History Answer Writing Practice - Week 8 - Question 1
90 Days History Answer Writing Practice Question 1 for 22-Jan-2018
Instructions for Writing Answer1. Write your answers in the comment section.
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3. Model Answers will be uploaded to this page next day.
4. Rectify your mistakes and progress further.
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22-Jan-2018 - Question 1
My true glory is not to have won 40 battles ... Waterloo will erase the memory of so many victories, ... But ... what will live forever, is my Civil Code . Discuss. ( 10 marks, 150 words )
Napoleon dominated European and global affairs for more than a decade while leading France against a series of coalitions in the Napoleonic Wars. He won most of the battles, building a large empire that ruled over continental Europe before its final collapse in 1815 after his defeat by a Seventh Coalition at the Battle of Waterloo. He was exiled to the remote island of Saint Helena.
During the time of Napoleon, many different (and often contradictory) legal systems existed throughout France stemming from the feudal days. In fact, the French philosopher Voltaire stated that a man travelling across France changes laws as often as he changed horses. Napoleon saw this as a big problem and became determined to unify France under one single set of clearly written laws in a clear and logical format for which he brought out Code Napoleon in 1804.
The Napoleon Civil Code gave post-revolutionary France its first coherent set of laws concerning property, colonial affairs, the family, and individual rights. The Code included rights such as the freedom of speech, public trials, freedom of worship, and freedom to select one s own occupation. The Code also forbade privileges based on birth and specified that government jobs go to only the most qualified. Though the Code also contained the elements of the Roman law of ancient France as it respected the old tradition of family discipline, private ownership of property envisaged in Roman law.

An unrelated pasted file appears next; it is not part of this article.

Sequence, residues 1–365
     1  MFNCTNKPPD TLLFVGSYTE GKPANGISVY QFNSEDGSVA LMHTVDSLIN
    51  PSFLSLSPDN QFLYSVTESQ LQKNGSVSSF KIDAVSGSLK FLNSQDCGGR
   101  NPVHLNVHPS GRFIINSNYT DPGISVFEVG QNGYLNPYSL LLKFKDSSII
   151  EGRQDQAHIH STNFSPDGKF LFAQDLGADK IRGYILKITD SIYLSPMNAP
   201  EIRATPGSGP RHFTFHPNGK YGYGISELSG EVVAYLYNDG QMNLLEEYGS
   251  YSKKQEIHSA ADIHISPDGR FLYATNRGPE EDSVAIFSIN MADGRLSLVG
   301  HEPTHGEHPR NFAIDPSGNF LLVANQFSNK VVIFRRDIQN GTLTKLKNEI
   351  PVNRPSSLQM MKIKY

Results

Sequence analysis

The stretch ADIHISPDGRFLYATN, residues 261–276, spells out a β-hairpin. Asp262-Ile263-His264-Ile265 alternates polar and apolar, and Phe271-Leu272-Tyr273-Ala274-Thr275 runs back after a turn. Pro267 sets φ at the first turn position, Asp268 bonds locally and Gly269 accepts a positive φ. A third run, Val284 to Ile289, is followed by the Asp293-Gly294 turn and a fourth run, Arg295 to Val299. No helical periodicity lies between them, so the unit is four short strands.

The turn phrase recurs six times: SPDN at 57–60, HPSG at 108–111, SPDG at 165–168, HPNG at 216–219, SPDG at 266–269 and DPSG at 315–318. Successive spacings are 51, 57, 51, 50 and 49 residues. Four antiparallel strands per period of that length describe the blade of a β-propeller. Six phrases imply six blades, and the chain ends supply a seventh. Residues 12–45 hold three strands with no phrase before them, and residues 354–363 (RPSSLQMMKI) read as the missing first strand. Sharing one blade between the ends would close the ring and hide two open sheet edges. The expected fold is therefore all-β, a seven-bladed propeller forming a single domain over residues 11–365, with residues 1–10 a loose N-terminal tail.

Napoleon often remembered for his military feats, held the creation of the Napoleonic Code as his greatest accomplishment. In fact, Napoleon remarked near the end of his death: "My real glory is not the 40 battles I won for my defeat at Waterloo will destroy the memory of those victories. . .. What nothing will destroy, what will live forever, is my Civil Code."
The influence of that Civil Code can be seen in the fact that most of the territories occupied by him, have adopted it, even after his defeat at Waterloo. This code in a way accelerated the process of ending the feudalism in Western and Central Europe and that laid the foundation for a modern nation-state. The Code was adopted throughout much of Europe and remained in force after Napoleon s defeat.
The Napoleonic Code has served as the model for more than twenty civil code countries (as opposed to common law countries) such as Italy, the Netherlands, Belgium, Spain, Portugal, Latin America and others.
Today, the Napoleonic Code continues to influence the lives of ordinary people in nearly all parts of the world. Napoleon was right. His legacy did not turn out to be any particular military victory, but rather his vision to create a clear and logical single set of laws that fairly applied to everyone.